Five years and more than 4,000 U.S. deaths after the president declared "mission accomplished," the American public is discouraged, distracted, and dispirited by the war in Iraq, eager to move on but unable to imagine an exit strategy.
In her new pro-soldier, antiwar drama about returning veterans equally unable to escape the snares of the endless war in Iraq, director Kimberly Peirce may have crafted just the sort of war story American audiences would be willing to watch.
Returning home to Texas after his second tour in Iraq, Staff Sgt. Brandon King (Ryan Phillippe) is a leader other soldiers want to serve under. Tough, decisive in battle, and attentive to his troops, King has served his country with distinction and suffered particularly devastating losses. Now, like Ulysses, he wants to hang up his weapons and pack away the disturbing memories into a tight box in the back of his mind.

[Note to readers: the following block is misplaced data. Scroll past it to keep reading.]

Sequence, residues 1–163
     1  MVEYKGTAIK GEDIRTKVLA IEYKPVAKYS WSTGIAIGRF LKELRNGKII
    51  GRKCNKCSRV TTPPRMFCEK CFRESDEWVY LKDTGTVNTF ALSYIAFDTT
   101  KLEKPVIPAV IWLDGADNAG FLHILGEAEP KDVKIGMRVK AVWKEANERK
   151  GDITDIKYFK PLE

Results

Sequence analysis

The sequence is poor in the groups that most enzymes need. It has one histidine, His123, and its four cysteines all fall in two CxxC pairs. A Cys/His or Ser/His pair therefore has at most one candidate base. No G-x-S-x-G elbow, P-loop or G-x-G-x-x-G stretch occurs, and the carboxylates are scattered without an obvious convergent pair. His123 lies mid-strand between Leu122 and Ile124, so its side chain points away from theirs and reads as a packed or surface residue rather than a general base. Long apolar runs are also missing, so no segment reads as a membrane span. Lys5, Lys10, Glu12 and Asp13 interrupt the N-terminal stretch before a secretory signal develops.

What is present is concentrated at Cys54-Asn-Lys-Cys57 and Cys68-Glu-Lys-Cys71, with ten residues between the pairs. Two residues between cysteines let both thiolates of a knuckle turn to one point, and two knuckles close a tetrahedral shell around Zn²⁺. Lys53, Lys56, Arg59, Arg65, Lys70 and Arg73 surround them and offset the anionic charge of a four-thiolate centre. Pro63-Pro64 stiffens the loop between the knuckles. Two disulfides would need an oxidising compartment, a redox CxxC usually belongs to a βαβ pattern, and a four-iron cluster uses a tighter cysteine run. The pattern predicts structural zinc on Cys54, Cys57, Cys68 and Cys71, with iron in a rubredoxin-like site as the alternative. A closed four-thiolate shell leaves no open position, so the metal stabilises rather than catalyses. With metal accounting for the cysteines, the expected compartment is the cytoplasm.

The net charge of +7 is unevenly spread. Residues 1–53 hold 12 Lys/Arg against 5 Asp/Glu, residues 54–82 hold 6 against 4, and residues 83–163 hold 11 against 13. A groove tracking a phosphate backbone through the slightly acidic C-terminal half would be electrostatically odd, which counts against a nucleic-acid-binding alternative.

But as King begins what is supposed to be his discharge from the Army, he discovers the government and the war are not done with him. The military has revoked his release from duty and is sending him back to Iraq for a third tour.
As a number of his returning buddies begin to disintegrate under the delayed stress of their experience, King's simmering astonishment and rage at this injustice cannot be tamped down. Yesterday's war hero suddenly finds himself a runaway with no place to go. Returning to the war is hideously unjust. Becoming a felon is totally unacceptable.
By focusing on a heroic but flawed soldier to express her frustration and rage at the war, and by grabbing her audience with a fast-paced tale about young men, guns, and fast cars, the director of Boys Don't Cry  (Hart-Sharp Entertainment) has tapped into the contemporary zeitgeist, offering us a film that gives voice to America's sense of entrapment in a war that was supposed to make us free and safe.